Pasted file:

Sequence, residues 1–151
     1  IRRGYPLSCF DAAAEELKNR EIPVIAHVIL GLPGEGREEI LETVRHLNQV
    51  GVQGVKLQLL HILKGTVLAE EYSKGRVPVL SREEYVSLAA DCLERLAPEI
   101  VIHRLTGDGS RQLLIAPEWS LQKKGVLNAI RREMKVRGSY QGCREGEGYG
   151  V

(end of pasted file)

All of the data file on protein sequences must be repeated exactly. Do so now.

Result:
Sequence, residues 1–151
     1  IRRGYPLSCF DAAAEELKNR EIPVIAHVIL GLPGEGREEI LETVRHLNQV
    51  GVQGVKLQLL HILKGTVLAE EYSKGRVPVL SREEYVSLAA DCLERLAPEI
   101  VIHRLTGDGS RQLLIAPEWS LQKKGVLNAI RREMKVRGSY QGCREGEGYG
   151  V